Unlimited growth increases the divide

by Bruce Mason

The wisest words on Vancouver’s streets, “Unlimited Growth Increases the Divide” offer a strong medicine for healing the obscene growth for growth’s sake that’s killing us, our economy and the environment.

The seven-inch copper letters are artfully emblazoned across the front of the humble, 30-room Del Mar Hotel and tiny art gallery at 553 Hamilton Street, next to the skyscraper headquarters of BC Hydro.

In fact, the Del Mar credo did fundamentally alter the path of BC Hydro, in David and Goliath fashion. It’s a story that bears repeating in order to find workable alternatives to big developers’ vision for Vancouver and BC, a vision that saps our resources, robs our commons and prevent honest, affordable housing.

George Riste, former owner of the unassuming Del Mar, said, “I love watching people debate the meaning of “Unlimited Growth Increases the Divide.” But in her 1990 artist’s statement, Kathryn Walter clearly spelled out the intention: “It is directed at those who operate our free-market economy in their own interests, while excluding those interests that would be responsive to the needs of the community.”

In 1981, Hydro began their attempts at acquiring the property, the only domino still standing on the city-block of demolished ruins, on which to raise their edifice. Turning down hundreds of offers and a fortune in increasingly desperate bids, Riste said, “We’ve decided to keep this property for low-cost housing, and BC Hydro thinks we’re silly. But I really believe that we should try to put something back into society.”

And so, for once, the crown corporation had to modify and reluctantly re-design its grandiose plans, a victory for the integrity and mission the Riste family carries forward.

In stark contrast, a few blocks away, another building tells a much different story with “T-R-U-M-P” spelled out in large, gaudy, chrome letters, branding the 63-storey International Hotel and Tower.

Riste never forgot his childhood poverty in the Fraser Valley. Unlike ‘The Donald,’ George provided affordable rooms a few blocks from hellish skid row hovels. Riste explained, “We used to lease buildings, but we found the landlords were terrible people. So we went to the bank and managed to buy our own hotel. This is my life; this is what I love doing.”

One wonders what he would think of the recent count of 3,605 homeless in Vancouver, up 30 percent since 2014. Half have lived here for 10 years or more before becoming homeless. The numbers, like unemployment stats, don’t really add up. They don’t factor in borderline impoverishment, people in inadequate slums, squatting in structures, parks, and doorways, never intended for housing, couch-surfing with friends and family, sharing studio apartments and huge rents. The frequently reno-victed reluctantly flee the city of their birth, or choice, and its interminable housing crisis and near-zero vacancy rate. In May, the average price for a detached house in Vancouver reached a record $1,830,956, among the most unaffordable in the world.

Riste, who died in 2010, at age 89 would be appalled at the new luxury condos for “super cars” in Richmond. The 2,500 square-foot units boast options of luxury furnishings and decoration packages, featuring a mezzanine level, from which to guzzle something high-priced and choke back a hand-rolled Cuban stogie. Due for completion in 2019, two-thirds of the 45 units are already sold. Similarly, all condos in the 45 digs have been scooped up.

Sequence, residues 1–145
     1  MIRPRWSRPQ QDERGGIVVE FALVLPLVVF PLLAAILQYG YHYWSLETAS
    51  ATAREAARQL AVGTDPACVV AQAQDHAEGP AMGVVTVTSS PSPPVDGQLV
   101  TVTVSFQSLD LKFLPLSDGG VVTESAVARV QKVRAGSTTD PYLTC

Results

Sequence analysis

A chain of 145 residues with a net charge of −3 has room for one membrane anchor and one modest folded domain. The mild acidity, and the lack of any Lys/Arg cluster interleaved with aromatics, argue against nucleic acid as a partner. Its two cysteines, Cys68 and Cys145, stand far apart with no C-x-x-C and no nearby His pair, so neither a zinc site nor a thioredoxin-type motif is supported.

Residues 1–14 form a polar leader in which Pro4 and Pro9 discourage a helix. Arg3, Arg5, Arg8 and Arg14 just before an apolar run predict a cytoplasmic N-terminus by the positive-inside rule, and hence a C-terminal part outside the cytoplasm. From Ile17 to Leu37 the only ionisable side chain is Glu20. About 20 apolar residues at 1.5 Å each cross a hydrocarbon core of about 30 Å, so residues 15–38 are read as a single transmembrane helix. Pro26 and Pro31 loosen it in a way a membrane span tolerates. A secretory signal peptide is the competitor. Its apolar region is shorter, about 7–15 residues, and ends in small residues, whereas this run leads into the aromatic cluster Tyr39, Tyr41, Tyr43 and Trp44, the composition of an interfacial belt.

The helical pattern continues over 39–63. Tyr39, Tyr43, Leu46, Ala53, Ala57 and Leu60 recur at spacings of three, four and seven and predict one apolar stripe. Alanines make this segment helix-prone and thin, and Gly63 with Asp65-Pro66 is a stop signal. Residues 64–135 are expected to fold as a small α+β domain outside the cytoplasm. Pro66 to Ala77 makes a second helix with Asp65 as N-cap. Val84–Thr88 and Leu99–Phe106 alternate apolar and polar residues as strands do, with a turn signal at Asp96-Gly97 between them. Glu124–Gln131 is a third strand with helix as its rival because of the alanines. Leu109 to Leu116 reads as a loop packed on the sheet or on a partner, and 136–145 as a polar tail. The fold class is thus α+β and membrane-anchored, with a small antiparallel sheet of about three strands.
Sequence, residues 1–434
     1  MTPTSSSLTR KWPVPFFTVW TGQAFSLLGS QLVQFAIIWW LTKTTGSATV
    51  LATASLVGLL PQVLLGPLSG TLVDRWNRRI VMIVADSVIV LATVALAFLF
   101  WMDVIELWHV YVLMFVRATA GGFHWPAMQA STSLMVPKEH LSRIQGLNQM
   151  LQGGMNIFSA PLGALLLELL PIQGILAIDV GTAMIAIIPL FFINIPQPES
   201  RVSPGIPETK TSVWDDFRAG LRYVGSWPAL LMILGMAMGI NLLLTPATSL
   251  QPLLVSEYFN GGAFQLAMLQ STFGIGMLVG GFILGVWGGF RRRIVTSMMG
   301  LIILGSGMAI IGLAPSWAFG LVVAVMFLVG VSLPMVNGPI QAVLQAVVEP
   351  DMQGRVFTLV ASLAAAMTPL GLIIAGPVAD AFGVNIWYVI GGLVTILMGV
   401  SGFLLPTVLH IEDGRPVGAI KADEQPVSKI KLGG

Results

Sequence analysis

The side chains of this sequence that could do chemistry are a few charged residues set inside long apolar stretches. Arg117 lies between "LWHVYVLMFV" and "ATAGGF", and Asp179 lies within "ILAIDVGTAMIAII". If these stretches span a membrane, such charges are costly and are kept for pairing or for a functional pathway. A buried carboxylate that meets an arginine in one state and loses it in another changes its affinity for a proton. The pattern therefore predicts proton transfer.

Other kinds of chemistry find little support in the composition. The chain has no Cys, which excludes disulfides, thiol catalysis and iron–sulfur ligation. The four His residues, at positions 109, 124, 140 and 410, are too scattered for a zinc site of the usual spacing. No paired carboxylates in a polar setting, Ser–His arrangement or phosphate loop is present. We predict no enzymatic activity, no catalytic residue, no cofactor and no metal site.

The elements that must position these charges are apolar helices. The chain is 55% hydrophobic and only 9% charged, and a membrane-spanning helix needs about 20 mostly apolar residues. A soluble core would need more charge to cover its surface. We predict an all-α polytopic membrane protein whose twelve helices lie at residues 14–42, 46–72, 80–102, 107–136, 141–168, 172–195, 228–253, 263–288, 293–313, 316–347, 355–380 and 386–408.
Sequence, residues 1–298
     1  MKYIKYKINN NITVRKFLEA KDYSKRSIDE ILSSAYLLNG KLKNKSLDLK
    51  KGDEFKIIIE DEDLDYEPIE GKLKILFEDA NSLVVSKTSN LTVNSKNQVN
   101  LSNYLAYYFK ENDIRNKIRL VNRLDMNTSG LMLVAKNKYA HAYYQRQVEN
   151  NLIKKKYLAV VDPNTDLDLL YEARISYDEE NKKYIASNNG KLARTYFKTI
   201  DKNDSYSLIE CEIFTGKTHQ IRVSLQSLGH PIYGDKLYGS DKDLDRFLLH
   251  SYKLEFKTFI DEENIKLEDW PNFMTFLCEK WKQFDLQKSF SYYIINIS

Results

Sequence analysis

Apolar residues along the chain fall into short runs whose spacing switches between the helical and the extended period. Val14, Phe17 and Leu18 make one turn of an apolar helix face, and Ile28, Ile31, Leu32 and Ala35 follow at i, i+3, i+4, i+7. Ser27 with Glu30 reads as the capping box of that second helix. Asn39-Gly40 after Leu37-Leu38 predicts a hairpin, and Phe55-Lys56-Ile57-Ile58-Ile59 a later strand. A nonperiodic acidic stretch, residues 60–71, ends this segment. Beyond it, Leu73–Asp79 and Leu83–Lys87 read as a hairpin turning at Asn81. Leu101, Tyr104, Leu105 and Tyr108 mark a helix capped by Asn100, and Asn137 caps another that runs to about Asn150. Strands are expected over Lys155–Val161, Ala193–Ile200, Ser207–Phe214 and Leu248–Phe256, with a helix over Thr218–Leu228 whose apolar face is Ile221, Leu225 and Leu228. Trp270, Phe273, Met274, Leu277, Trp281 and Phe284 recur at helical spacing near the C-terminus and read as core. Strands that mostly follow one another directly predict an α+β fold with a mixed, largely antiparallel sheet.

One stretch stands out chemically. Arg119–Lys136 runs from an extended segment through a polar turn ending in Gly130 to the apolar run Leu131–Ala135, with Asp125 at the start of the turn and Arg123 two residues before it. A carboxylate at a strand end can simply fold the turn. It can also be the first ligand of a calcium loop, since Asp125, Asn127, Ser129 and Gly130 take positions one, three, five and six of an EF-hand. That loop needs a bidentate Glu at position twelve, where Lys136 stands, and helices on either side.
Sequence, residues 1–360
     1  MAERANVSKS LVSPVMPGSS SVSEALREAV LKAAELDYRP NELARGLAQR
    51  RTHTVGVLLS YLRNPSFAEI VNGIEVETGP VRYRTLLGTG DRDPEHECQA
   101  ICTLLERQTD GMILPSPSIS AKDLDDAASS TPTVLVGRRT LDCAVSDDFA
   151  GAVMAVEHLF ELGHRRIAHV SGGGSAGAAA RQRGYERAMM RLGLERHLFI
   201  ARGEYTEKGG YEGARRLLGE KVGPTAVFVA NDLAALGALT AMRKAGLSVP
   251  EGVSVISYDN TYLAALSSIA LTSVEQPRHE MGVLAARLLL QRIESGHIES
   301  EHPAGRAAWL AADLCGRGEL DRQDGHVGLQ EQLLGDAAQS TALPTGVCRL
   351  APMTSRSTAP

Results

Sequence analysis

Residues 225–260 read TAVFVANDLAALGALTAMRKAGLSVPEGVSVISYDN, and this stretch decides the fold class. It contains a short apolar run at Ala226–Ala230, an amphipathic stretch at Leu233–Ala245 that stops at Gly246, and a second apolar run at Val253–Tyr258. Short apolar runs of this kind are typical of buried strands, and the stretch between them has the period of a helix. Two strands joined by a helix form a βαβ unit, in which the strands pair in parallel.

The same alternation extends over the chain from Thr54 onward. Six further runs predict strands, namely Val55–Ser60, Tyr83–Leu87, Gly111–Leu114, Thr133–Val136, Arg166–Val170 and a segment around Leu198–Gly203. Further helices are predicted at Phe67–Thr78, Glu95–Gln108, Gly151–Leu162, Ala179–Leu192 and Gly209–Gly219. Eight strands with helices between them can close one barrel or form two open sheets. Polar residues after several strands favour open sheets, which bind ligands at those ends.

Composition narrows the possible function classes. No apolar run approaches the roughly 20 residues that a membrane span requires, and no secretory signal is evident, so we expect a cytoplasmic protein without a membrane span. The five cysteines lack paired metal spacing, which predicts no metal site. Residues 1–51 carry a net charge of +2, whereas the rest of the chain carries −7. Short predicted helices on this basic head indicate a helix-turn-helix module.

And if you search online for best deals for the ultra-rich, rooms at the Trump Tower are often fully booked, boasting that their ‘hyperbolic paraboloid’ triangular tower is the “premier luxury hotel,” featuring Canada’s first Mar-a-Lago brand, a 6,000 square-foot spa by Ivanka Trump.

Hyperbolic, indeed.

“Never settle,” the Trumps post. But for the 10,000 locals who applied to serve, massage and clean up those for whom the “Sweet-tastic experience” is chump change, the advice is irrelevant.

As Trump is unhinged and Site C and Kinder Morgan are exposed for what they really are – in courts of law or through public opinion – what we need to know is “Unlimited Growth Increases the Divide.”

The check-out bill for the rich is overdue and it’s time for a stop-payment on Site C. Put the money into job-rich renewables and for-purpose social housing. While we’re at it, take down the T-R-U-M-P sign as the public did in Toronto. “Unlimited Growth Increases the Divide” must now be the litmus test to take to politicians at every level of government, and the street.

Del Mar’s motto provides the inspiration and awareness to Stop Site C and other highly questionable anti-social projects. Better to build the Commons on common sense, insight and wisdom. More Riste-like, not Ritz-like, within reach of those who do the actual work.

Bruce Mason is a Vancouver and Gabriola Island-based banjo player, gardener, writer and author of Our Clinic.

1 thought on “Unlimited growth increases the divide

  1. The bigger the actual or potential profit, the greater the immoral distance we’ll be willing to travel to make even more money, perhaps irregardless of whether we really do need it. That’s a very unfortunate aspect of human nature; however, we can greatly resist that soul-compromising aspect of ours by making a positive example of ourselves as well as speaking out in an adamantly progressive manner on such crucial issues.

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